Geneticists in Germany have combined human stem cells with Neanderthal DNA to grow miniature brains that hopefully could reveal major differences between humans and Neanderthals.
The organoid experiment will examine the disparities of three genes that are integral in the development of human brains.
By using CRISPR gene editing technique, the scientists altered the human stem cells to make it more similar to Neanderthal genes. The miniature brains are being grown inside a laboratory in Germany.
Svante Pääbo, director of the genetics department at the Max Planck Institute for Evolutionary Anthropology in Leipzig, Germany, hopes that their experiment could identify precisely the biological basis as to how humans reproduced to millions of species, propagate across the world, and develop cultures as opposed to their Neanderthal relatives.
The team's success, if achieved, is going to be a first in the study of genetics.
Growing Miniature Brains
Pääbo and his team employ chemical triggers to stimulate the stem cells to develop into neurons, which grouped together on their own to form into structures similar to brains. These structures, measuring a few millimeters, are not completely developed miniature brains yet but are in the process of growing into fully formed ones. For the meantime, as the growing process continues for about nine months, they exist as separate blobs devoid of any sensory inputs.
"You don't get a well-formed human brain at all, but you see multiple regions have kind of formed; you can study the synapses and electrical activity and early developmental differences," explains Gray Camp of the Max Planck Institute and who is at the helm of the Neanderthal organoid experiments.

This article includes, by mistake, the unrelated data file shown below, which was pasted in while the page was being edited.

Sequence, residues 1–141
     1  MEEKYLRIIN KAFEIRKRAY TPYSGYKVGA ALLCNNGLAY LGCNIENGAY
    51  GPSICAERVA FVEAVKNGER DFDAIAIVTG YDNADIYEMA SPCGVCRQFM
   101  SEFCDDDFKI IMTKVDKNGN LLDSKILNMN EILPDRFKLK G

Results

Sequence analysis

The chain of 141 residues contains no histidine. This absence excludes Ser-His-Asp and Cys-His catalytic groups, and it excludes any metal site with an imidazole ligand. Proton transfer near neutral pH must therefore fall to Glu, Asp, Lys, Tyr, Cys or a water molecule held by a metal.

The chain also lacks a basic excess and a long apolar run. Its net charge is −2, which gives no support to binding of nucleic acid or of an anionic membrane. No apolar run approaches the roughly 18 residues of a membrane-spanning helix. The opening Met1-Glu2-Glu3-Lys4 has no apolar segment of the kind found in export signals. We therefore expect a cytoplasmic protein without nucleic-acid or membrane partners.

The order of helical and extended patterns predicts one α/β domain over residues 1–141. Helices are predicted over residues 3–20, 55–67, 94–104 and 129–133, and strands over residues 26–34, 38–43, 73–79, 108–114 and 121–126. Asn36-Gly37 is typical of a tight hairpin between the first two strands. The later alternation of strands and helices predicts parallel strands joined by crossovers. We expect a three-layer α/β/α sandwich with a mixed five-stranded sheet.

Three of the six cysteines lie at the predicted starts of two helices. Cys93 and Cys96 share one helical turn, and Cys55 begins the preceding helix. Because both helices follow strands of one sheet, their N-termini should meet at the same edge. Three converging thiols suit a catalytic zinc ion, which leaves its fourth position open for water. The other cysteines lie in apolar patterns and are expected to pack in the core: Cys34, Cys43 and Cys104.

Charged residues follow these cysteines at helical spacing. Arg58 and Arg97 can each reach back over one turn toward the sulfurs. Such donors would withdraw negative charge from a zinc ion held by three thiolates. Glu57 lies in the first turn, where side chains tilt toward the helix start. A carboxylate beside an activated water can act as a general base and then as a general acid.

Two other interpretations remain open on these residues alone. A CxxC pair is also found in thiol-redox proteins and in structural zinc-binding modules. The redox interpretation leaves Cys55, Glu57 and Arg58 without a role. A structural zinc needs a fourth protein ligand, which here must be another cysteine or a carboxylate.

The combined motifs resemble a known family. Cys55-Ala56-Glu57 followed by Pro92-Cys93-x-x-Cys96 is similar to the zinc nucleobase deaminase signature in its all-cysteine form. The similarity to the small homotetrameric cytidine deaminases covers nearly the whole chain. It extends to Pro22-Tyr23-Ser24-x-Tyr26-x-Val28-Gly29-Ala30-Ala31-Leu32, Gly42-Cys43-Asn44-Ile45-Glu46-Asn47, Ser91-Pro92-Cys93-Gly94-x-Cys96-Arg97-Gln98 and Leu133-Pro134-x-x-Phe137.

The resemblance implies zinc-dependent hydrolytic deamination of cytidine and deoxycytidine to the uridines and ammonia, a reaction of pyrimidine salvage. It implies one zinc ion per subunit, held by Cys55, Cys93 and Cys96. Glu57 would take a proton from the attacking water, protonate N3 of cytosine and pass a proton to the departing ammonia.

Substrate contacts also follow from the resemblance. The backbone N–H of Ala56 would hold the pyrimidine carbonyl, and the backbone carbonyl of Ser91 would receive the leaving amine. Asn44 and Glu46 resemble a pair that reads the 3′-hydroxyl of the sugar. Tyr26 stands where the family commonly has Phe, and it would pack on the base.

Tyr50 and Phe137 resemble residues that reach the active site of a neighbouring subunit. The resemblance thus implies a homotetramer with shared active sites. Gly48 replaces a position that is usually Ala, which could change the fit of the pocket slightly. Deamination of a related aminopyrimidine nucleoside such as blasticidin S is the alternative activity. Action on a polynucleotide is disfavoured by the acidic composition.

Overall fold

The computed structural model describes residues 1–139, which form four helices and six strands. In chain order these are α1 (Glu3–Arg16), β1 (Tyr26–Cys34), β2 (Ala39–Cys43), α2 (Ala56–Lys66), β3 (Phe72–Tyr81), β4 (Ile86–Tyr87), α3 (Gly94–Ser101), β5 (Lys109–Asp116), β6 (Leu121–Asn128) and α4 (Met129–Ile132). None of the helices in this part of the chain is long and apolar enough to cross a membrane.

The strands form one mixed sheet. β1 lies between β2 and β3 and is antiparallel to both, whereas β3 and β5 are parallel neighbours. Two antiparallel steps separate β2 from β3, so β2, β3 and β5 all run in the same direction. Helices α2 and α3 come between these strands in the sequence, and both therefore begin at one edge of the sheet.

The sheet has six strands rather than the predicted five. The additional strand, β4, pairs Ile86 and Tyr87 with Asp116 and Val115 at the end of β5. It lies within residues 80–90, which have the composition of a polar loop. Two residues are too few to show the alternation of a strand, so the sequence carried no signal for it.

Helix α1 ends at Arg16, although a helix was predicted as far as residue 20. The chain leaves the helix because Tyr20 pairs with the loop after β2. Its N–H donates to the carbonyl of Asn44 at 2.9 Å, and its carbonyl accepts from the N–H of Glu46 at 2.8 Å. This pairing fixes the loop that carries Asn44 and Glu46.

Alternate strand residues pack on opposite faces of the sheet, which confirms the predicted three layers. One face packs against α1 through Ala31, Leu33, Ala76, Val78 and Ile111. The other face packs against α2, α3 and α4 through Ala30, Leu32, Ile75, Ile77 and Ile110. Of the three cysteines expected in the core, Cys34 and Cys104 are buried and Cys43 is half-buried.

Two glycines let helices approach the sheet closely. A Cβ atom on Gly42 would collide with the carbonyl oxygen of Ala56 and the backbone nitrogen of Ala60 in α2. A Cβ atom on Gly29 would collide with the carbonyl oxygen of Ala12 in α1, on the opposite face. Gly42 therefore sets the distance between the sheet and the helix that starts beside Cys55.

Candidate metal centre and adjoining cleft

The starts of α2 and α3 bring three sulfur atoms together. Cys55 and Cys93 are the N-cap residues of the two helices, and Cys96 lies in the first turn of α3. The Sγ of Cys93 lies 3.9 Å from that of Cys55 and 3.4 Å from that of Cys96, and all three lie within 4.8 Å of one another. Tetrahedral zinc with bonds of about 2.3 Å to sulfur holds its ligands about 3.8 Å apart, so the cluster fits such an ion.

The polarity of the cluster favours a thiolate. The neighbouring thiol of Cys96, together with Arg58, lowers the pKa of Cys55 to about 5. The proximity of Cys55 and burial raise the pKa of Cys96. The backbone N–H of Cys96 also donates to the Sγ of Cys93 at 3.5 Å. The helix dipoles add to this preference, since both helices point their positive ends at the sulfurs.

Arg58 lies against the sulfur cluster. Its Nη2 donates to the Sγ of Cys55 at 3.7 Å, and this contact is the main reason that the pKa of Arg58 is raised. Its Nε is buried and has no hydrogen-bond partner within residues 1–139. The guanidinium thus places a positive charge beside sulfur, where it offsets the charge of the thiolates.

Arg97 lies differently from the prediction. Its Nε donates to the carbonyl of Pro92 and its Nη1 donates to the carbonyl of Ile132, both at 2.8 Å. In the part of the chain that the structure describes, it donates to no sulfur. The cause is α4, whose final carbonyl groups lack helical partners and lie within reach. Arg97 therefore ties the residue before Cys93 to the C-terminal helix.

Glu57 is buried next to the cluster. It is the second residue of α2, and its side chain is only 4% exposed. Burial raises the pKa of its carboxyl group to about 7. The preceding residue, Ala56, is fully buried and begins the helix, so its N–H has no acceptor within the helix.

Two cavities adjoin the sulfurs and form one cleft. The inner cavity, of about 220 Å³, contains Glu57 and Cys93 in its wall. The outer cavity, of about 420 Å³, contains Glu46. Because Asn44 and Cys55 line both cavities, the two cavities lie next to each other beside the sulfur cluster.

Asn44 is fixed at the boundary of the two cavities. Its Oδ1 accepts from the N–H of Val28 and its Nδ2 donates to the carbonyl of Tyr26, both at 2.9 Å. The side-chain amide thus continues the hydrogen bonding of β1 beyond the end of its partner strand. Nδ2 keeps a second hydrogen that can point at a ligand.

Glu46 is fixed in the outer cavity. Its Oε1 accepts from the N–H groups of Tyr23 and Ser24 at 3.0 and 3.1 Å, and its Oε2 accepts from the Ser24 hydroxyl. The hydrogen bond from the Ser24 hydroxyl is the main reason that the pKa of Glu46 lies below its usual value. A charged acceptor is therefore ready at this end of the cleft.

The geneticists will observe how fast these genetically engineered Neanderthal organoids divide and evolved on their own to mimic three-dimensional brain structures. The team will also dissect how the brain cells are wired up differently. They will subsequently assess these results to how the same processes take place on fully developed human brains.
The team will also examine whether the Neanderthal genes common in the DNA of people with European and Asian ancestry could influence brain development. They would like to find out if they can re-grow the Neanderthal brain and afterward resurrect the functionality of those Neanderthal genes, Camp says.
Neanderthals And Humans
Pääbo explains that Neanderthals are the closest species to humans, hence, they make the perfect basis for comparison.
As for their present study, they want to pinpoint what exactly set humans apart for them to be able to evolve while the Neanderthals went extinct. The miniature brain experiment will not delineate which of the species is smarter, but why humans evolved to be capable of planning, socializing, and using languages, he adds.
In April, a study published in Scientific Reports, co-authored by Naomichi Ogihara of the Keio University in Japan, constructed a virtual model of a Neanderthal brain. This team of scientists, who are not involved with the present experiment conducted by the German scientists, was able to identify that Neanderthals has a larger brain than the Homo sapiens.
Neanderthals, however, had smaller cerebellum which is the portion of the brain responsible for speech and learning. This difference may be the reason why there was a disparity in social and cognitive abilities between Neanderthals and the Homo sapiens.
"Although the difference could be subtle, such a subtle difference may become significant in terms of natural selection," Ogihara explained.
The team from Japan, however, did not arrive at a conclusion that the Neanderthal's small cerebellum is the major contributing factor why the species went extinct.
The Neanderthal Genome
In 2010, Pääbo and his team reconstructed code of the Neanderthal genome based on samples acquired from four females who were inhabitants of Europe some 10 thousand years ago. Based on the samples, they concluded that about a third of the Neanderthal genome survived and is to be found in the genes of some people today.
In previous experiments, Pääbo's team had also injected Neanderthal genes into mice to observe what takes place during craniofacial development.
The same team had also injected Neanderthal pain perception genes into frog's eggs to compare the amount of pain bearable to Neanderthals and humans.
Now that the team progressed into experimenting on the brain, they hoped they could ultimately define why humans appeared to have the highest cognitive skills among all species.